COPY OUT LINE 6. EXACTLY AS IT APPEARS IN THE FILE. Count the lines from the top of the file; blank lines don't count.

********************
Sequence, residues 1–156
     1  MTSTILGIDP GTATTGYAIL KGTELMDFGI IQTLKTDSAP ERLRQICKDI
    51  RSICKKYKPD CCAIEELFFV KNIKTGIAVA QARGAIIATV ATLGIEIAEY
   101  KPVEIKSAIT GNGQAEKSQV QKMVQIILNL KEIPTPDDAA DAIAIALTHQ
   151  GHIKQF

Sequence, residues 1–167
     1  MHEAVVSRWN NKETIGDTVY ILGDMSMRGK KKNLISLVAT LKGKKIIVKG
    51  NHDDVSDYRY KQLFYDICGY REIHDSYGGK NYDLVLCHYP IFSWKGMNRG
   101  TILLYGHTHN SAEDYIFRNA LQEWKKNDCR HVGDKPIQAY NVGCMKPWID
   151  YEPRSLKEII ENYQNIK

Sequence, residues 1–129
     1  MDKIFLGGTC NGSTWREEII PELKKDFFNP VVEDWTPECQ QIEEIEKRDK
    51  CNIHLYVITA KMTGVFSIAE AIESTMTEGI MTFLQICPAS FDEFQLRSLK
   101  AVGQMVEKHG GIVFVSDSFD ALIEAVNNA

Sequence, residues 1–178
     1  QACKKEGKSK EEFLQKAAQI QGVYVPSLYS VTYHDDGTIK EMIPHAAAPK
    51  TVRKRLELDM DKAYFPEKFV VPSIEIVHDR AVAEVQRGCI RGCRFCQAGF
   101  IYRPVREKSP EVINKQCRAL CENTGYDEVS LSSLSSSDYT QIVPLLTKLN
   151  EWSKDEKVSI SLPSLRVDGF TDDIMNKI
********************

Sequence, residues 1–167